Document Type


Publication Date

Spring 4-9-2015


Rescue in Albania during the Holocaust: A Case of Cultural Exceptionalism?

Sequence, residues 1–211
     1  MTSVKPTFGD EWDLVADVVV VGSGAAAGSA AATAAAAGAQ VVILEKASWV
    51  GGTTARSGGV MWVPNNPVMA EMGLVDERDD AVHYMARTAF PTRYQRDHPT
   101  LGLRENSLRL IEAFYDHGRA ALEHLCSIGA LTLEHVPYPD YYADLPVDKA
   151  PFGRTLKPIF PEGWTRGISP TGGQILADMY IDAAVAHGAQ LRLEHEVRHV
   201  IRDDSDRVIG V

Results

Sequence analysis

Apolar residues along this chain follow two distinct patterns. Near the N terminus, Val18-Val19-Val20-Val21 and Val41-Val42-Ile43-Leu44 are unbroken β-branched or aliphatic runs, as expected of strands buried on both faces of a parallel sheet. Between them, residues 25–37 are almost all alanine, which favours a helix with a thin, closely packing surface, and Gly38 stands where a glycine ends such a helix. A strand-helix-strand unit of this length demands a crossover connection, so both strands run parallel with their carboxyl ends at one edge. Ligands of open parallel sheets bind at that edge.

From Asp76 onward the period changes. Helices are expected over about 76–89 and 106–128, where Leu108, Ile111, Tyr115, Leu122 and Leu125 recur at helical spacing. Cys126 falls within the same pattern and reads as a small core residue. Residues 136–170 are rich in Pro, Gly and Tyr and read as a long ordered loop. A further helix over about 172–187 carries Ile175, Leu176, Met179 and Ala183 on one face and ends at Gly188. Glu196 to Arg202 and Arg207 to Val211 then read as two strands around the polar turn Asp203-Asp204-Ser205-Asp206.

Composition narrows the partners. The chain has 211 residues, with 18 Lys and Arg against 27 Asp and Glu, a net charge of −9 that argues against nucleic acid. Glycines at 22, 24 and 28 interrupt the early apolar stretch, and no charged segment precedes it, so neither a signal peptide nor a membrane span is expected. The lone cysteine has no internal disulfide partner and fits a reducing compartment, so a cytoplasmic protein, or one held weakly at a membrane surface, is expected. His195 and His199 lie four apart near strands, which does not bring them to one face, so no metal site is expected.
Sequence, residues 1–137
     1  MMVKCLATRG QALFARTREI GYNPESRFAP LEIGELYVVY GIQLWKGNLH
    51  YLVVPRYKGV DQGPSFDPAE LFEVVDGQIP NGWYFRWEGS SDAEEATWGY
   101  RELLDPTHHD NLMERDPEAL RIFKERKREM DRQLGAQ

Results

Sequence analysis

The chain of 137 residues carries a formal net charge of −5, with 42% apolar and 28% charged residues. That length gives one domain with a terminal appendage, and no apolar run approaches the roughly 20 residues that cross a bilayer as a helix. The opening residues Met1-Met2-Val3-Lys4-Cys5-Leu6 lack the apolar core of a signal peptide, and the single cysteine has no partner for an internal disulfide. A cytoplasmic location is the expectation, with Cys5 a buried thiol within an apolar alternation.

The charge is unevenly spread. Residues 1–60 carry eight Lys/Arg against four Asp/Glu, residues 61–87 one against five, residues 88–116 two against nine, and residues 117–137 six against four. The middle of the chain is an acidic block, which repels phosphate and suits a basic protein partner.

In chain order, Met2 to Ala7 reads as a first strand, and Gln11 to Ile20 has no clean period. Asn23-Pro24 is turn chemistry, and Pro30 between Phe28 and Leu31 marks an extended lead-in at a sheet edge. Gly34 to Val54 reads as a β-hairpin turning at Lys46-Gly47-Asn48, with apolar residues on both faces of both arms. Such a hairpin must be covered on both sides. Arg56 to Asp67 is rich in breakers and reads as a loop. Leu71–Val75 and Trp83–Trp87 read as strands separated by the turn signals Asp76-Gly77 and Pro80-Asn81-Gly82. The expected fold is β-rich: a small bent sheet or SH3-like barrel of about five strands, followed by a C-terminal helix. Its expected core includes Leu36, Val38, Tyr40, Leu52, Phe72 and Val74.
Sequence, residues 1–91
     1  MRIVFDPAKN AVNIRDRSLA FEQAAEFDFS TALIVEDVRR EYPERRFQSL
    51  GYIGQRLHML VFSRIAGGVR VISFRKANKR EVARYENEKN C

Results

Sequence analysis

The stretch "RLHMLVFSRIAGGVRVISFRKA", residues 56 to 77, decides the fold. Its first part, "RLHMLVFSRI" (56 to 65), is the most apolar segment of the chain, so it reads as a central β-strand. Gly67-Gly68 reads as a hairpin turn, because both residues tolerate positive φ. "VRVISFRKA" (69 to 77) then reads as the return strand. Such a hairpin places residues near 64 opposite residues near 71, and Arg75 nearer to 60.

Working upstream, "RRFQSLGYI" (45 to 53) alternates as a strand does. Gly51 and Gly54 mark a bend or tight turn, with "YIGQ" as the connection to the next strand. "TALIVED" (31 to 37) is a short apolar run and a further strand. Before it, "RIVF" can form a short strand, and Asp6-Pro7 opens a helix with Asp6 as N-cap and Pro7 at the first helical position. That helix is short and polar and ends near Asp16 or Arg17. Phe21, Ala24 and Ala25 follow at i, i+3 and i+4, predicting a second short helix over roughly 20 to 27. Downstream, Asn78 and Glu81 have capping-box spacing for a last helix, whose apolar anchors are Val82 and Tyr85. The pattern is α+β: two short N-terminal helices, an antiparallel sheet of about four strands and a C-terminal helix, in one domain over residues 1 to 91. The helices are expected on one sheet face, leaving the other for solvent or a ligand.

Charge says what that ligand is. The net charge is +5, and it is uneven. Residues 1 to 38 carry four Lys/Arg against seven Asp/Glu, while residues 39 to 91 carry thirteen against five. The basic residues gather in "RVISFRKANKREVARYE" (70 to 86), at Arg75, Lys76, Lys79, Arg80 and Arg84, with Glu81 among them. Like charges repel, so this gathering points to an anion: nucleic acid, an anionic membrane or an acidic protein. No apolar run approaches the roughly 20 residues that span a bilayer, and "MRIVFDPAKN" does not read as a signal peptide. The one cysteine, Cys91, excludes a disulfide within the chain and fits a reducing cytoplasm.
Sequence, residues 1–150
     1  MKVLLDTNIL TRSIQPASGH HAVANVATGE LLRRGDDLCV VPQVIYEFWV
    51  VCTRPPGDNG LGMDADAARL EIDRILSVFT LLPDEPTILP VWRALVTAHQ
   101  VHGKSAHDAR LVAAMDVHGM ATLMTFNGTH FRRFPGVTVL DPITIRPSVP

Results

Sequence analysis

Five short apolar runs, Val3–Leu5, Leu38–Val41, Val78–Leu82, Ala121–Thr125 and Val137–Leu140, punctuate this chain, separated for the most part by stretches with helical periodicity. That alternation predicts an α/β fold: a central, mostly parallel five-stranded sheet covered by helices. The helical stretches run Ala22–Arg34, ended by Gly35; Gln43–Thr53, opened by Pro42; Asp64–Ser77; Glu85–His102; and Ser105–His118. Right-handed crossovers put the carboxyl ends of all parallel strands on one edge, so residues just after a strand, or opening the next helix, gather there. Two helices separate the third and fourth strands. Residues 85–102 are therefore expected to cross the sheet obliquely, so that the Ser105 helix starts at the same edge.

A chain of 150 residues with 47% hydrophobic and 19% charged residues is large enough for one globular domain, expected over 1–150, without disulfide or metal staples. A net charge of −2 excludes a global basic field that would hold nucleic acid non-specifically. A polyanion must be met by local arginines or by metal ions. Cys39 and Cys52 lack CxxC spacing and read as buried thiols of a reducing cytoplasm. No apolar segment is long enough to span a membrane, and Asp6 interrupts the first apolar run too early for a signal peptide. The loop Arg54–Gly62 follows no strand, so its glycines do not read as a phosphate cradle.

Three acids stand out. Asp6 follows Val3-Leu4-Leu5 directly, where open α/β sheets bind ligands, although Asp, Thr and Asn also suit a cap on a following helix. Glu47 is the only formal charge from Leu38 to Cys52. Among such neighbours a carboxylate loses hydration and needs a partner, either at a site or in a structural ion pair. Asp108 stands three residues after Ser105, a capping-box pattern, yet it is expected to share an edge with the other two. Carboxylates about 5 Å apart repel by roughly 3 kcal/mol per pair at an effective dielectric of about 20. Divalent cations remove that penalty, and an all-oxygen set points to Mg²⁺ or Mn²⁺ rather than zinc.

The popularity of the museum exhibit “Besa: Albanian Muslim Rescuers during the Holocaust” reveals the interest in the survival of Jews in Albania that has grown out of both a Western desire to find examples of Muslim benevolence to combat Islamophobia, and an Albanian desire to rehabilitate their national image. Largely isolated from the majority of the population, fewer than two hundred Jews lived in Albania prior to World War II. Yet, over the course of the war, roughly two thousand Jews found shelter with Albanian citizens, the majority of whom were Muslim and had never encountered Jews before. To date, both commemorative and scholarly works have portrayed Holocaust rescue in Albania as a case of cultural exceptionalism much like the French Huguenots. Albanian historians such as Apostol Kotani claim that a history of persecution and the cultural practice of besa, which mandates the protection of others, drove Albanians to shelter Jews from across Europe. Yet how accurate are these portrayals? My paper, a chapter from my dissertation, seeks to examine the Albanian case and place it in a larger context by analyzing published memoirs, survivor testimonies, and previously unexamined materiel from the Albanian archives. A careful examination of these sources reveals that, though important, Albanian cultural practices varied considerably and were only able to facilitate Jewish survival in conjunction with other mediating factors such as local German policies of occupation, topography, the structure of the Jewish community, and the timing of the German occupation proved to be more important. Though, in light of this complexity, it is tempting to view the two thousand Jews who survived the Holocaust in Albania as insignificant when faced with the six million others who died, this historical narrative still provides a useful perspective on not only the Holocaust, but also interfaith and inter group relations within the former Ottoman Empire.